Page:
into other wrought shapes such as tubes, rods and wire.
pacting into high annealing, corrosion-resistant wrought
The ?nished strip of iron-bearing copper possesses a high
copper shapes more economically than by other means.
annealing temperature and excellent corrosion resistance.
Accordingly, the invention contemplates an improved
The following example of a preferred embodiment is
40
process for manufacturing wrought copper (strip, for
illustrative of the e?ectiveness with which a metallic iron
example) having a high annealing temperature which
bearing copper can be produced and converted into a
comprises leaching a metallic iron-bearing copper with an
copper strip having a high annealing temperature in ac
aqueous ammoniacal solution to dissolve the copper and
cordance with the process of the invention:
form an ammoniacal copper-rich solution, separating the
Cement copper was produced by precipitating metallic
45
solution from the bulk of the undissolved residue while
copper, by means of scrap iron, from the acidic aqueous
retainin.c7 with the separated solution an amount of ?nely
leach solution resulting from leaching an oxidized copper
dispersed metallic iron in the range from 0.02 to 0.3
ore with sulfuric acid. The cementation precipitate thus
or iron-contaminated copper scrap, with an aqueous am
moniacal solution to dissolve the copper and form an
ammoniacal copper-rich solution in such manner that the
percent by weight (based on the weight of the copper in
solution), treating the solution with gaseous hydrogen to
precipitate copper in metallic powder form from the solu
tion, separating such copper powder admixed with the
?nely dispersed metallic iron from the residual solution,
compressing the powder to form a compacted bar, and
sintering and rolling the compacted bar to produce an
produced analyzed 84.2 percent by weight of copper, 0.7
percent by weight of zinc, 2.2 percent by weight of iron,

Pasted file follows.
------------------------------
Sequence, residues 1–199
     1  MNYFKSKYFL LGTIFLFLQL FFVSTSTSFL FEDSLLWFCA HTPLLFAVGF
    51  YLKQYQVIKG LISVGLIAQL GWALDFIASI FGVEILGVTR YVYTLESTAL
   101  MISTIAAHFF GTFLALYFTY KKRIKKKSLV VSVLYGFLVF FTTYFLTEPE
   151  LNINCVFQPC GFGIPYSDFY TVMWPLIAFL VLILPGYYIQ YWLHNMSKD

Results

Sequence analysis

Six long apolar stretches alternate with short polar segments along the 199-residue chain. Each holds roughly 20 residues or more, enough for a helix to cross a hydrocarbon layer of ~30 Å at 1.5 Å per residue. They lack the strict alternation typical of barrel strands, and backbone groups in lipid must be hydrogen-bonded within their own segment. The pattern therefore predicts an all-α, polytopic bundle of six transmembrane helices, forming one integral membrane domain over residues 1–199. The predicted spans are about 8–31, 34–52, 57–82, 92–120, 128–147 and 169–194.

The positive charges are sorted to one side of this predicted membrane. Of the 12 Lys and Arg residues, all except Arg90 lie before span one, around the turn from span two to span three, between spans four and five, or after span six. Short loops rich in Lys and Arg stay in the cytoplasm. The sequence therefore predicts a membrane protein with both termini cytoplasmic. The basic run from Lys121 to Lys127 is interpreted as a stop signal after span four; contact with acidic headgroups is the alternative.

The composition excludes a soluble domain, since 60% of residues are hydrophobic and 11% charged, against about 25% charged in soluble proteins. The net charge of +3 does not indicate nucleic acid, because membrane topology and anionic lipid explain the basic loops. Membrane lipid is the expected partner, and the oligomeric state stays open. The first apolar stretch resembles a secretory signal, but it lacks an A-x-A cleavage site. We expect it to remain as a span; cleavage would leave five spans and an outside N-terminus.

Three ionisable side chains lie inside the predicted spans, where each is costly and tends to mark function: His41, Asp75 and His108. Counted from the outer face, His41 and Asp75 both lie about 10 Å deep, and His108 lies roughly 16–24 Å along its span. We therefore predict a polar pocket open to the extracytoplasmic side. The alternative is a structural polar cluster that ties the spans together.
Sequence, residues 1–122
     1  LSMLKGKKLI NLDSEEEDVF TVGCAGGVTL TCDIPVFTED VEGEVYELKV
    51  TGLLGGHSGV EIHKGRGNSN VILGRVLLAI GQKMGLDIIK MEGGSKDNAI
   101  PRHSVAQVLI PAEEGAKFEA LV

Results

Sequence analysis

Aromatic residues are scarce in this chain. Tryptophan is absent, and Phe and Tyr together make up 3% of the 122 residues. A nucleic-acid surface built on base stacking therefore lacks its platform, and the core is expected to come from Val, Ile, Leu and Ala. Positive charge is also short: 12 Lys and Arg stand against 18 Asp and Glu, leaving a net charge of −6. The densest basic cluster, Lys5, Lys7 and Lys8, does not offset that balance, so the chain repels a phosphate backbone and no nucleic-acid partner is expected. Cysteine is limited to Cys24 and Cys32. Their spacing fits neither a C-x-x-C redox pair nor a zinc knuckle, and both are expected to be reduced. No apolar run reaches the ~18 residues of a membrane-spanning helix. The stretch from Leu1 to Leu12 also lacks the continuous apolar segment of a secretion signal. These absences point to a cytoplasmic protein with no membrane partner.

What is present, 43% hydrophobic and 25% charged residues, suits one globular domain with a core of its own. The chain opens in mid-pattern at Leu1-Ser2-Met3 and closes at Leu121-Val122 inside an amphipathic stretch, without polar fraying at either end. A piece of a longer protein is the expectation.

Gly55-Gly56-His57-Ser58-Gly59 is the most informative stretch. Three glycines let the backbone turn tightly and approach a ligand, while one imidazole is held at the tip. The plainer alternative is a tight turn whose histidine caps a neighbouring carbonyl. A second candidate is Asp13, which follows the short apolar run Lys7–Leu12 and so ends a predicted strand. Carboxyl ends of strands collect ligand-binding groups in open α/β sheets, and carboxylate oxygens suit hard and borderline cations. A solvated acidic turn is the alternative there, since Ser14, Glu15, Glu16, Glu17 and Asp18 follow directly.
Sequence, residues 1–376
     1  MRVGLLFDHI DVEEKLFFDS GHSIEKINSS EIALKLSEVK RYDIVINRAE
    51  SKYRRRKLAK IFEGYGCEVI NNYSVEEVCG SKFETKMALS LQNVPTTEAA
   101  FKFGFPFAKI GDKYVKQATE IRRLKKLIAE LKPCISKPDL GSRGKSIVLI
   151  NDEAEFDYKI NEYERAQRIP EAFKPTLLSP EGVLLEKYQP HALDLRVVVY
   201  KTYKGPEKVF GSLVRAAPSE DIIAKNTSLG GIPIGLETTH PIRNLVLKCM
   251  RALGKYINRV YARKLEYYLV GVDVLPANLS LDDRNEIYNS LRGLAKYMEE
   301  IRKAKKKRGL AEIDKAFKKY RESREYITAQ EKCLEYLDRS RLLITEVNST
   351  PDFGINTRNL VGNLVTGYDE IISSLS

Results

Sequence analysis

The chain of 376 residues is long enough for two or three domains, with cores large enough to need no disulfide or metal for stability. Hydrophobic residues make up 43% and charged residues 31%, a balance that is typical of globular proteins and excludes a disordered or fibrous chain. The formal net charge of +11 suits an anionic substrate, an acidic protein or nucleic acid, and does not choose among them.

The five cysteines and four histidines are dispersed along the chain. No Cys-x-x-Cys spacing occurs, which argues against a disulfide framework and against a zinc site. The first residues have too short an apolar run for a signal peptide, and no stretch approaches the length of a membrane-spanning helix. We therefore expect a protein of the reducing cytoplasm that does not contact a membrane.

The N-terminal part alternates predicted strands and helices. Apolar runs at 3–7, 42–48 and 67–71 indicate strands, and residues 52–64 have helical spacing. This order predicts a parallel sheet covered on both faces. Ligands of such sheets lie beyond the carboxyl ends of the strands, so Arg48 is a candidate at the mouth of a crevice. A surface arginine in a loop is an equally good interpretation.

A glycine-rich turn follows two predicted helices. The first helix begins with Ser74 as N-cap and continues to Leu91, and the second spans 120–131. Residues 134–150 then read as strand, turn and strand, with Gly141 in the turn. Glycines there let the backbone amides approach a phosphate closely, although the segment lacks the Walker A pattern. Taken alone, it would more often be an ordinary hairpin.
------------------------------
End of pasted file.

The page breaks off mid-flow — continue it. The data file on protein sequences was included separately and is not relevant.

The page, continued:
0.9 percent by 'weight of tin, 1.0 percent by weight of
lead, with the remainder consisting essentially of in
with the process of the invention may be employed with
ties were dispersed.
solubles.
It was leached with an aqueous ammoniacal
solution (recirculated leaching solution) containing am
monium carbonate to form an ammoniacal copper-rich
iron-bearing wrought copper shape having a high anneal 55 solution containing about 140 grams per liter of copper
ing temperature. Copper strip produced in accordance
in which much of the metallic iron and insoluble impuri
advantage in the fabrication of radiators, heat exchangers,
air-conditioning units, or in any application where the
The solution was centrifuged and
the supernatant then ?ltered to remove most of the in
solubles. By suitably limiting the extent to which these
retention of work-hardening is desired at a temperature 60 impurities were removed, however, a clari?ed solution
sowewhat above that at which pure copper undergoes re
containing about 0.1% to 0.2% metallic iron (based on
crystallization.
the weight of copper present) was produced.
To prepare the iron-containing copper powder from
This copper-rich ?ltrate was passed through a series of ‘
which copper strip is rolled in accordance with the in
65 heat exchanges, where it was heated under pressure to a
vention, a metallic iron-bearing copper from such sources
temperature of about 350° P., and the hot solution was
as cement copper or other iron-contaminated copper
scrap, is leached with an aqueous ammoniacal solution
containing ammonium carbonate to preferentially dis
solve the copper, nickel, and zinc. Although iron does
not dissolve in aqueous ammonia, the copper-rich am
moniacal solution retains an amount of ?nely dispersed